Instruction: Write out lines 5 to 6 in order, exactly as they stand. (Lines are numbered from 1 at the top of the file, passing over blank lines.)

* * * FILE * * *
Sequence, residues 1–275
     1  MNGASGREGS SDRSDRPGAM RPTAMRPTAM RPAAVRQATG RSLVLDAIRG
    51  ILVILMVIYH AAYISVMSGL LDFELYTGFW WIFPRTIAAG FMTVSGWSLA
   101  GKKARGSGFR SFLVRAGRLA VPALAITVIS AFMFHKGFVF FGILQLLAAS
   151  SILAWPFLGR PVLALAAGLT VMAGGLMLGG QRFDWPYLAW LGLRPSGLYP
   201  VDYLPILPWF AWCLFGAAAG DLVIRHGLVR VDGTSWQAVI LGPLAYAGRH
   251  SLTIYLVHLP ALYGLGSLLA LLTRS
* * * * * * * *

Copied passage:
   151  SILAWPFLGR PVLALAAGLT VMAGGLMLGG QRFDWPYLAW LGLRPSGLYP
   201  VDYLPILPWF AWCLFGAAAG DLVIRHGLVR VDGTSWQAVI LGPLAYAGRH